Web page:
Wonder How You'll Do in College? Look at Your Genes
WHY YOU SHOULD CARE
While environmental factors play a huge part in secondary school choices, performance is up to you.
By Clive Cookson
Families and schools have a substantial influence on whether or not young people go to college but no effect on how well students perform once they get there, according to the first study of genetic and environmental influences on higher education.
In an effort to disentangle the factors that determine college enrollment and performance, researchers at King’s College London studied 3,000 pairs of identical and nonidentical twins and 3,000 other people in the U.K. Results were published in the journal Scientific Reports.
Genetic factors account for 51 percent of differences between high school graduates in whether or not they go on to university. What the researchers call “shared environment” — mainly school and family background — accounts for 36 percent, while “non-shared environment,” reflecting individual circumstances, contributes the remaining 13 percent.
Achievement, measured by the student’s final degree class, is determined 46 percent by genetics and 53 percent by non-shared or individual environment.
Although the study did not look specifically at students’ socioeconomic background, the findings support the view that teenagers from poor and disadvantaged families are less likely than their more privileged counterparts to proceed to a college education for which their genes are well-suited. Researchers suggested that admissions policies should take more of these social factors into account.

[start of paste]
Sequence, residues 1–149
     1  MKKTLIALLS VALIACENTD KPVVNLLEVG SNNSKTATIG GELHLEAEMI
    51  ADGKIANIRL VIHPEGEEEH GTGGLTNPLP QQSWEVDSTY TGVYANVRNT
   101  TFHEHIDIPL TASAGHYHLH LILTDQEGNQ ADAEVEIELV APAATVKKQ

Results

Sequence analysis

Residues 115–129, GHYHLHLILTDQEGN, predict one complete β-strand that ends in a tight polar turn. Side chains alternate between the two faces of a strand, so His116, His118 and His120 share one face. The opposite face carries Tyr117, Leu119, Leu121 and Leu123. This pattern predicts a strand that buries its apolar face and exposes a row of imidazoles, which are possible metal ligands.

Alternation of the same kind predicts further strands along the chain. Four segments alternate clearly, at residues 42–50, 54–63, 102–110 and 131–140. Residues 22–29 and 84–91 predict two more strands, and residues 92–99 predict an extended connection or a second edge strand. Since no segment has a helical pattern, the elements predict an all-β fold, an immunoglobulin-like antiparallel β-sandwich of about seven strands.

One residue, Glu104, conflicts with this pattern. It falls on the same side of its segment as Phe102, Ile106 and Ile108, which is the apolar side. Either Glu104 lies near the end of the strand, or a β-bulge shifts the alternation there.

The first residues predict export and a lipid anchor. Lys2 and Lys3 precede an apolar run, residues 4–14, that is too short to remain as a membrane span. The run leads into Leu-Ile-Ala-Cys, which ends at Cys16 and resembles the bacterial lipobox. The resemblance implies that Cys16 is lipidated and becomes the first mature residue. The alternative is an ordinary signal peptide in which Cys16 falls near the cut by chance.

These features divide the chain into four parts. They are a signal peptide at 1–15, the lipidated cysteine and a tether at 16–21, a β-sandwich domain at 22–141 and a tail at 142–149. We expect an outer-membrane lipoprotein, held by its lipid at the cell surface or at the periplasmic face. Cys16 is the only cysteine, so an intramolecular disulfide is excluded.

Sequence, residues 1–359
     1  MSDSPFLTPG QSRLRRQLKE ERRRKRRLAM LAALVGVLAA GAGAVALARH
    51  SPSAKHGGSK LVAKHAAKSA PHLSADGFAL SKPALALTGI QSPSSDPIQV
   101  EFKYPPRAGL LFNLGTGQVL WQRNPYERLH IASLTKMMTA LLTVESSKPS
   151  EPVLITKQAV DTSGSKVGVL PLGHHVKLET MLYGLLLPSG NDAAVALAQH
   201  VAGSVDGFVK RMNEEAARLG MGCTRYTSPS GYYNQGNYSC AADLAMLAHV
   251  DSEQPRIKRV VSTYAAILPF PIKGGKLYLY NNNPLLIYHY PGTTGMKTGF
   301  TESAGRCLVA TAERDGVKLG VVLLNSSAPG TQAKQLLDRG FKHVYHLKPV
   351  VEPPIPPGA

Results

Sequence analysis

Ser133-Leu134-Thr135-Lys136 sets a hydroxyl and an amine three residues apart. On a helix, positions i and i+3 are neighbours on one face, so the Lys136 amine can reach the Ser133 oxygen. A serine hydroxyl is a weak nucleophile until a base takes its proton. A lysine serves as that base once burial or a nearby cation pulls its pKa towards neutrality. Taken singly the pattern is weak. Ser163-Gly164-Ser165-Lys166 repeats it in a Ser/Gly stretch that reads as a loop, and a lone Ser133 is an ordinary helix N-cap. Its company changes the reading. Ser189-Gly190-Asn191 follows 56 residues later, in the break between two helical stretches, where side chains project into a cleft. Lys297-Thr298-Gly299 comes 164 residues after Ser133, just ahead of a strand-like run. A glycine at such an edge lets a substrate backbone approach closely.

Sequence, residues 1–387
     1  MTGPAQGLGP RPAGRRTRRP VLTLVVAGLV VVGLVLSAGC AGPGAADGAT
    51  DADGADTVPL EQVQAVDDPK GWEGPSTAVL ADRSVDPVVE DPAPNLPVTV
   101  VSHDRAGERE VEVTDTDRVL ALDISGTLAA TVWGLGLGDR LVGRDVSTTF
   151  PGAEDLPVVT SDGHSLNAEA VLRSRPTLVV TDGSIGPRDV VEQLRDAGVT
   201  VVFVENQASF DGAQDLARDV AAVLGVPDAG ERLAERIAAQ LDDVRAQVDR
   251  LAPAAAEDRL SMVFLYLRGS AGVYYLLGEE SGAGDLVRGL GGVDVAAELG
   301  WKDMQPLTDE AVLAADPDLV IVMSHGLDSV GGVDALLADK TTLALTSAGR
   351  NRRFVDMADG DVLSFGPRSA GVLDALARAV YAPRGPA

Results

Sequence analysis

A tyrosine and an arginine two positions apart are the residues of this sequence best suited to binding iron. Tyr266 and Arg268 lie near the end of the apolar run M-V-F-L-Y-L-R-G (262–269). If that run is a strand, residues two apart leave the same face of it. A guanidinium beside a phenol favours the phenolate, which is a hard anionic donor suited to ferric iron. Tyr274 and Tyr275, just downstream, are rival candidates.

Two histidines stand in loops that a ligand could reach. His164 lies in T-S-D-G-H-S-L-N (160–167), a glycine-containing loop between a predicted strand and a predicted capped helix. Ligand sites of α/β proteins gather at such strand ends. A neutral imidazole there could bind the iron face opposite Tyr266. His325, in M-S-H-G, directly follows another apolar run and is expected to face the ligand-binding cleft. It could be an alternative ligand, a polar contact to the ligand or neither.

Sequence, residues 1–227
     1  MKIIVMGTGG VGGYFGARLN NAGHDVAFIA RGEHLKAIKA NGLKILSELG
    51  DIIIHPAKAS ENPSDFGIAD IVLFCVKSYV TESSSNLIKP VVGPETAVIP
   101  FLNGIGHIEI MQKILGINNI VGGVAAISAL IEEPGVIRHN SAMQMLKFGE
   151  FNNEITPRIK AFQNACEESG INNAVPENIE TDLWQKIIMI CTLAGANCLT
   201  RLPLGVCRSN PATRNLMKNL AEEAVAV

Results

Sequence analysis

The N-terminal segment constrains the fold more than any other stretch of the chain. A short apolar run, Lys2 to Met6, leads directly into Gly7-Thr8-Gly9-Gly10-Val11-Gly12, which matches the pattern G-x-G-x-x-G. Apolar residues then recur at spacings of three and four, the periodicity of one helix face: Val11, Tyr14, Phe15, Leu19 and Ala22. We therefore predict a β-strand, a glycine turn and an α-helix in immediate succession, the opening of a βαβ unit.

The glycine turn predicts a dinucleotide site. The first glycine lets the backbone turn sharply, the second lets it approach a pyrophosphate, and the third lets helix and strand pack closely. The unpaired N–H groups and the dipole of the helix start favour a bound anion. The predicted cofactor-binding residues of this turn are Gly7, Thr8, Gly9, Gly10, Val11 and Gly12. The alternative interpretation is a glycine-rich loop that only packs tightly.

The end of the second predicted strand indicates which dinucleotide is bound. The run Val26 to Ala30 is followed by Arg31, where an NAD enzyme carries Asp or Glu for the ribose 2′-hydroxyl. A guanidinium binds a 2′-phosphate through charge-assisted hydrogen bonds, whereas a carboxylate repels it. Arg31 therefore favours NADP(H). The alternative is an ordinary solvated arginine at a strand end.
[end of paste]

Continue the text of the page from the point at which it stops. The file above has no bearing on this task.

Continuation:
“You would expect heritability — the genetic influence — to increase in a fairer and more equitable society,” says Emily Smith-Woolley, one member of the research team at King’s Institute of Psychiatry, Psychology and Neuroscience.
An earlier study by King’s researchers showed that shared environment played a big role in secondary education, accounting for 40 percent of differences in whether students choose to take A levels.
Once someone gets to college, the contribution of “shared environment” declines to less than 1 percent. Achievement, measured by the student’s final degree class, is determined 46 percent by genetics and 53 percent by non-shared or individual environment.
“Unlike secondary school, where students tend to share educational experiences, university provides young people with greater opportunity to be independent and to carve out their interests based on their natural abilities and aptitudes,” says Ziada Ayorech, another King’s researcher.
“Students’ unique environments — such as new friends and new experiences — appear to be explaining differences in university achievement and the role of shared environment becomes less significant,” Ayorech says.
Apart from studying the overall contribution of genes to educational achievement, scientists are beginning to identify some of the thousands of specific DNA variations responsible. The latest — and still unpublished — research suggests that up to 15 percent of variance in achievement may be predictable through a “polygenic score” based on detailed DNA analysis, says Smith-Woolley. Science is still a long way, though, from producing a useful genetic test for guiding young people to the best educational options.
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